"Synthetic Biology"

March 1, 2007Duke Law News

March 1, 2007

Duke Law School will host a workshop on intellectual property rights in synthetic biology on March 2 and 3. Sponsored by Professors Arti Rai and James Boyle, in conjunction with the Duke Center for Public Genomics and the Massachusetts Institute of Technology, the workshop will involve leading synthetic biology scientists as well as legal academics, lawyers, business people, and economists.

In their paper “Synthetic Biology: Caught between Property Rights, the Public Domain, and the Commons,” (forthcoming in PLoS Biology), Rai and Boyle define synthetic biology as “the attempt to construct life starting at the genetic level.” Synthetic biologists treat biology as a true engineering discipline, they write. “In the same way that electrical engineers rely on standard capacitors and resistors, or computer programmers rely on molecular blocks of code, synthetic biologists wish to create an array of modular biological parts that can be readily synthesized and mixed together in different combinations.” Among the “fruits” of synthetic biology to which Rai and Boyle point : bacteria that can be programmed to take photographs and cells that can count the number of times they divide. Among its results: the possibility of inexpensive, unlimited drugs for neglected diseases like malaria.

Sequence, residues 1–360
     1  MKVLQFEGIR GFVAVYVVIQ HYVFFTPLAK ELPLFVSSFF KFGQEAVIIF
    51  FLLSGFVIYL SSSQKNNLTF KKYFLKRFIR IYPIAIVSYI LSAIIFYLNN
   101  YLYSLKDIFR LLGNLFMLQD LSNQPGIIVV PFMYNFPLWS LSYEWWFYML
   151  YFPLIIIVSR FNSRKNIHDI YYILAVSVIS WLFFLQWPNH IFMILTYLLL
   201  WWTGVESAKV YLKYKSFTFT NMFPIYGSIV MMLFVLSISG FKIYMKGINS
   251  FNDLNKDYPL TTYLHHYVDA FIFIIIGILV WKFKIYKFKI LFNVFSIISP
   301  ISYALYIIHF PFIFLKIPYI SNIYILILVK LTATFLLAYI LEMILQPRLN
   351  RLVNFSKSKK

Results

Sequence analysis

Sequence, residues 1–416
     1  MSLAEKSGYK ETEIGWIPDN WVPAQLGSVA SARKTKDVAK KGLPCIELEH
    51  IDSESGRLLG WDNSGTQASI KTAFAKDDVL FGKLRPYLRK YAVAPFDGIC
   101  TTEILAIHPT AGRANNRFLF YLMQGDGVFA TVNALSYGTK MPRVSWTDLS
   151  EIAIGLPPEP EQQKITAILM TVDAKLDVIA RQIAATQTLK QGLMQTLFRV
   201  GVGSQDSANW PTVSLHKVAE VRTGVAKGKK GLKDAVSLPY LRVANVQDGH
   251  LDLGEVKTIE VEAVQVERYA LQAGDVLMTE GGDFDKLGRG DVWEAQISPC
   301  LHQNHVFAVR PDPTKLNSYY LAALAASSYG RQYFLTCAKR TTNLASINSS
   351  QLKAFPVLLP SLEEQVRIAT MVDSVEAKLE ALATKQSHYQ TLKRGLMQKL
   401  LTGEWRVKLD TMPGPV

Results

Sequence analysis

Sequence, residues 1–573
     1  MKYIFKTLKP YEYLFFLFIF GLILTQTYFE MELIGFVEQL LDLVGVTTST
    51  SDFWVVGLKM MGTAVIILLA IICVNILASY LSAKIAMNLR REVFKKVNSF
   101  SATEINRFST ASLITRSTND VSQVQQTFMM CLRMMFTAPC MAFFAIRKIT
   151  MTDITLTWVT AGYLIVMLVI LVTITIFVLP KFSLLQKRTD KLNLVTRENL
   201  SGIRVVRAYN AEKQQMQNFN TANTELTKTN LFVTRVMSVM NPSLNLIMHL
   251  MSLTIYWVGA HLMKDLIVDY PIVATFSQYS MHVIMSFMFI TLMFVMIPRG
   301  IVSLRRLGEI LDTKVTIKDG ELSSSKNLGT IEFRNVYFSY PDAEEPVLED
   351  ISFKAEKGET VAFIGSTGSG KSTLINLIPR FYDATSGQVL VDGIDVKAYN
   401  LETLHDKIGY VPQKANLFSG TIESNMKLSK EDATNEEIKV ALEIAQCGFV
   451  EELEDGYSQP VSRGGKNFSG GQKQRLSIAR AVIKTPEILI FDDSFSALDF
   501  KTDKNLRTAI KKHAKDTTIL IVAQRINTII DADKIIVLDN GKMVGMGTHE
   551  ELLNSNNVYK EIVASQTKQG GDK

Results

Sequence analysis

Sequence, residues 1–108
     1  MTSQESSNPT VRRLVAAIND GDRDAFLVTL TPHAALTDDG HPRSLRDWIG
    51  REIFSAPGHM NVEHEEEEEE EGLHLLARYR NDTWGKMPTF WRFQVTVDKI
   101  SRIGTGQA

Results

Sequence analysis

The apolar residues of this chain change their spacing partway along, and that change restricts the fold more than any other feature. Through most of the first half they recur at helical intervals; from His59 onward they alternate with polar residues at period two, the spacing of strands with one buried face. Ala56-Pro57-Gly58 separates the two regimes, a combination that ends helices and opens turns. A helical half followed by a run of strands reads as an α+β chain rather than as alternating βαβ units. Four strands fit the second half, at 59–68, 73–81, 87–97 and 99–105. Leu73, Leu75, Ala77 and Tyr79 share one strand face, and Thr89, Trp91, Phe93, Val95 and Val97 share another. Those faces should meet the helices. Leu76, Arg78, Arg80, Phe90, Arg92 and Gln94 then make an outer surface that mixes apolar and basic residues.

“Synthetic biology presents an important case study of the challenges that new technology can pose for intellectual property. Because synthetic biology operates at the intersection of biology and information technology, many of the issues regarding patent thickets and intellectual property, particularly in standard-setting, that have come up in information technology may come up in synthetic biology as well. At the same time, patents – and royalties - may be essential to attracting venture capital.” These questions will be discussed during the workshop, as will the possible application of “open source” models to synthetic biology research.

On Friday morning, March 2, three sessions of the workshop are open to the Duke University and broader community. These sessions, offering an overview of science, a framing of the intellectual property issues and a presentation of the “patent landscape” will begin in room 4048 of Duke Law School at 9:00 a.m. The Law School is located at the corner of Towerview Road and Science Drive on Duke’s West Campus. Parking is available at the Bryan Center.

For more information, contact Frances Presma at (919) 613-7248 or presma@law.duke.edu.
Other News
  • Environmental Law and Policy Clinic comments on proposed international regulations for mining the ocean floor

    The Environmental Law and Policy Clinic weighed in on the first-ever regulations proposed for mineral exploitation of the ocean floor in June, emphasizing the need to protect deep-sea biodiversity and ecosystem function.  Little is known about life in the deep sea, a region scientists have only recently begun to explore, but discoveries over the past few years by Duke scientists and others have provided glimpses of an astonishing range of biodiversity — including unique life forms thriving in super-heated thermal vent environments. 

      
  • Susan Akers JD/MEM ’91

    After majoring in biology at Wake Forest University, Susan Akers broke new ground for Duke Law students by pairing her JD studies with the pursuit of a graduate degree in environmental management from the Duke School of Forestry and Environmental Studies (now called the Nicholas School of the Environment).